Using the SQL Server Performance Dashboard Missing Indexes Report



The Microsoft SQL Server Performance Dashboard contains a drill-down report detailing information about missing indexes. Although you might think that this report makes it easy to implement new indexes and improve the performance of your database queries, it’s not that simple. Over-indexing a database table can lead to bigger performance problems such as having to update more indexes during write operations. The Missing Indexes report is useful for identifying candidates for new indexes. Index tuning is still a practice that requires as much art as automation. The process of generating the data stored in the DMVs has its own limitations (from Books Online):



·        It is not intended to fine tune an indexing configuration.


·        It cannot gather statistics for more than 500 missing index groups.


·        It does not specify an order for columns to be used in an index.


·        For queries involving only inequality predicates, it returns less accurate cost information.


·        It reports only include columns for some queries, so index key columns must be manually selected.


·        It returns only raw information about columns on which indexes might be missing.


·        It can return different costs for the same missing index group that appears multiple times in XML Showplans.


 


It’s important that you read the documentation in SQL Server Books Online regarding the process of finding missing indexes before using the data from this report.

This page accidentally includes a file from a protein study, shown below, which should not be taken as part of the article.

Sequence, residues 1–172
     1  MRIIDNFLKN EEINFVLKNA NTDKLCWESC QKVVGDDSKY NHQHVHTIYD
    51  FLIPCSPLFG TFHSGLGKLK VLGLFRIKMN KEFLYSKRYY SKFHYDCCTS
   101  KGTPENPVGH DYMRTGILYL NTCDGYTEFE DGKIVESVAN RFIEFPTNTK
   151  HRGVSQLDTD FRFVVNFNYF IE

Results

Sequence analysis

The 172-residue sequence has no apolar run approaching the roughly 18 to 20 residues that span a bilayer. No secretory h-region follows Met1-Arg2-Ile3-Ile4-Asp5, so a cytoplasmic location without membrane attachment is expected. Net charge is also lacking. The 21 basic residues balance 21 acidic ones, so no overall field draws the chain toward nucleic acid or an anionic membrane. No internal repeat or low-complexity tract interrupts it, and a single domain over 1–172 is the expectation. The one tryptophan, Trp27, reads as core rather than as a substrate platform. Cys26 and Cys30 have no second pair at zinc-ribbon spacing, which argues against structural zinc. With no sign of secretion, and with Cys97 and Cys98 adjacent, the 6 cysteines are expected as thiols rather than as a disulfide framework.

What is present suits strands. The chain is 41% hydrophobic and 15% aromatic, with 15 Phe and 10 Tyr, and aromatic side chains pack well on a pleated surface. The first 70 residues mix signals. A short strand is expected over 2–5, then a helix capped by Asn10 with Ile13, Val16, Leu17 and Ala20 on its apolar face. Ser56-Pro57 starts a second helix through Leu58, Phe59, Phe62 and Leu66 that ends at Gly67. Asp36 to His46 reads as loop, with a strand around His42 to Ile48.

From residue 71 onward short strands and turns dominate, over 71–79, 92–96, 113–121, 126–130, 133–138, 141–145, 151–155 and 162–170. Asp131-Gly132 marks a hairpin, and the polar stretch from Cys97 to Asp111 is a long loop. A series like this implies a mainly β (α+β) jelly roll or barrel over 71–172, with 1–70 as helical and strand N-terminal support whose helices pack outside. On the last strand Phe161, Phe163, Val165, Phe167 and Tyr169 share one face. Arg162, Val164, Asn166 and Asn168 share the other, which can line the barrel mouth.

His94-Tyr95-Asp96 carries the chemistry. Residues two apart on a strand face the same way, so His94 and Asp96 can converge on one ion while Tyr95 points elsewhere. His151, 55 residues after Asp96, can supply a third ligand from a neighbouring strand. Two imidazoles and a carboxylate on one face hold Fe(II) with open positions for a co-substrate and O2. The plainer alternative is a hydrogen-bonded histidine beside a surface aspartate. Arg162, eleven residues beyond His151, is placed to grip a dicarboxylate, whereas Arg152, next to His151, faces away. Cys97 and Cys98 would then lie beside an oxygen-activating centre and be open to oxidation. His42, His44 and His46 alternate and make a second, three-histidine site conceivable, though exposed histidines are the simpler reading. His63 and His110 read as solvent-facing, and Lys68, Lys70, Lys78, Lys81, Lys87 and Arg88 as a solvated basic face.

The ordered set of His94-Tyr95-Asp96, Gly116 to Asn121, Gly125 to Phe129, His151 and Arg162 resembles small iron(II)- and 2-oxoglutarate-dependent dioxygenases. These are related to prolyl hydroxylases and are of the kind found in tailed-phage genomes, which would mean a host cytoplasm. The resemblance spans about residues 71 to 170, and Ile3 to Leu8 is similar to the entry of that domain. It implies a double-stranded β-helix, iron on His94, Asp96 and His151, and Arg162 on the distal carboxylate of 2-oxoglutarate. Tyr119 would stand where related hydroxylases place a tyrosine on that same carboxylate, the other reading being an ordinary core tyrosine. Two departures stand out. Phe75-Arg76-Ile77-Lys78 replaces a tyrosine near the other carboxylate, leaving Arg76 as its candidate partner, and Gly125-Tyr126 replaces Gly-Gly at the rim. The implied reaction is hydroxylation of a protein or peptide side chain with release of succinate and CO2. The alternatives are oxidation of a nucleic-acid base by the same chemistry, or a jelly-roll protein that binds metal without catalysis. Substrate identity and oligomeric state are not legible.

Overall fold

The Missing Indexes report can be useful to sift through the data in the missing indexes DMVs to find the top 10 or 20 necessary missing indexes. Be aware that the missing index process can potentially generate a lot of data. Many production databases will rack up several hundred missing indexes within a day or so of operation. Many of these may not be necessary.


 


Once you’ve identified a group of candidate indexes, the SQL Server Database Tuning Advisor is a useful tool for determining if the index will improve the query plan. Please read the link to Books Online for more information.


Before you use this report to implement new indexes in a database, it is import to understand the source of the report data. This report uses the data in the SQL query below from the DMVs data management views dm_db_missing_index_groups, dm_db_missing_index_group_stats and dm_db_missing_index_details:


select d.database_id, d.object_id, d.index_handle, d.equality_columns,
 d.inequality_columns, d.included_columns, d.statement as fully_qualified_object,
gs.*
from sys.dm_db_missing_index_groups g
 join sys.dm_db_missing_index_group_stats gs on gs.group_handle = g.index_group_handle
 join sys.dm_db_missing_index_details d on g.index_handle = d.index_handle


Here’s a list of the columns and descriptive information displayed in the report from SQL Server Books Online (edited for brevity):







































































Column name


Description


database_id